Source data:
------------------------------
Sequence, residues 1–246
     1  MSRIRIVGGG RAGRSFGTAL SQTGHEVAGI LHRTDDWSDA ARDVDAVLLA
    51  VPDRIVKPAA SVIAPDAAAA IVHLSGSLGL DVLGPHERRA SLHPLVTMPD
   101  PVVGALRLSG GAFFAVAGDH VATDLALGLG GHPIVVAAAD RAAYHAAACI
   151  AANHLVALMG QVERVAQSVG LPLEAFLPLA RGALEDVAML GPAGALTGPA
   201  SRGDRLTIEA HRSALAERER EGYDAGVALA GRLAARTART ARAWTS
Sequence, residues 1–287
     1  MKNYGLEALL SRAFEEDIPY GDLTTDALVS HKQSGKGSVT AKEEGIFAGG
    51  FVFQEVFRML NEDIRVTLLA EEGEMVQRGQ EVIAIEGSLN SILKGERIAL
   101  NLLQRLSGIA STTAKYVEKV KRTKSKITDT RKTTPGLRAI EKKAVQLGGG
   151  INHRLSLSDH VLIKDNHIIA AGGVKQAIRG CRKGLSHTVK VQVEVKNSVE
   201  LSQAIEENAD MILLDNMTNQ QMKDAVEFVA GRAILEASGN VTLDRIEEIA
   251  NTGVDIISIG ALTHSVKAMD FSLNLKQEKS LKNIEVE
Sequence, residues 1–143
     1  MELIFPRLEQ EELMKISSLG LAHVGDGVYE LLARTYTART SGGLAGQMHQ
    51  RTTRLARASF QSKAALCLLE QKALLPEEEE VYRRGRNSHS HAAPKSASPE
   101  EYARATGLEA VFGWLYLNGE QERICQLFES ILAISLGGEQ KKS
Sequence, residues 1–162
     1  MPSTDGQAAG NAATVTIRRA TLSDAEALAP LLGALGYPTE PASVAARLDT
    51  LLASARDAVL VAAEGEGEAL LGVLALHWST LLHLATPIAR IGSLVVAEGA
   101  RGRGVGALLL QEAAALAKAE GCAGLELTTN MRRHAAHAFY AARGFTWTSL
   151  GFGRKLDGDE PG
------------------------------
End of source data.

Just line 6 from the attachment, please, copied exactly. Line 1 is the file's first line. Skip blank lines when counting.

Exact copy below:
   201  SRGDRLTIEA HRSALAERER EGYDAGVALA GRLAARTART ARAWTS